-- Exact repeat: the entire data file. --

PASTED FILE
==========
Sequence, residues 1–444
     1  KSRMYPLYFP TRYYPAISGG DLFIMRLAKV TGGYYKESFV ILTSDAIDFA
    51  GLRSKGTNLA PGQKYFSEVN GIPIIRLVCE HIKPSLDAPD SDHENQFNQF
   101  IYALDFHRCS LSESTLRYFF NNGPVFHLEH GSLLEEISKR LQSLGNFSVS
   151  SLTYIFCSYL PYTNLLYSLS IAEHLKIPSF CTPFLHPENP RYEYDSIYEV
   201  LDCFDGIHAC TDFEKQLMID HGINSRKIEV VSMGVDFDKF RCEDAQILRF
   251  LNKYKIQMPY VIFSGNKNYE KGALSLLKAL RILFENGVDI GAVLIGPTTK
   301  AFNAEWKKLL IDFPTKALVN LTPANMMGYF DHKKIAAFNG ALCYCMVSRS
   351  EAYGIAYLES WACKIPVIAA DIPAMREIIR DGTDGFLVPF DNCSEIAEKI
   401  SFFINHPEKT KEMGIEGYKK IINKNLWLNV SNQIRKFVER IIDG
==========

Sequence, residues 1–444
     1  KSRMYPLYFP TRYYPAISGG DLFIMRLAKV TGGYYKESFV ILTSDAIDFA
    51  GLRSKGTNLA PGQKYFSEVN GIPIIRLVCE HIKPSLDAPD SDHENQFNQF
   101  IYALDFHRCS LSESTLRYFF NNGPVFHLEH GSLLEEISKR LQSLGNFSVS
   151  SLTYIFCSYL PYTNLLYSLS IAEHLKIPSF CTPFLHPENP RYEYDSIYEV
   201  LDCFDGIHAC TDFEKQLMID HGINSRKIEV VSMGVDFDKF RCEDAQILRF
   251  LNKYKIQMPY VIFSGNKNYE KGALSLLKAL RILFENGVDI GAVLIGPTTK
   301  AFNAEWKKLL IDFPTKALVN LTPANMMGYF DHKKIAAFNG ALCYCMVSRS
   351  EAYGIAYLES WACKIPVIAA DIPAMREIIR DGTDGFLVPF DNCSEIAEKI
   401  SFFINHPEKT KEMGIEGYKK IINKNLWLNV SNQIRKFVER IIDG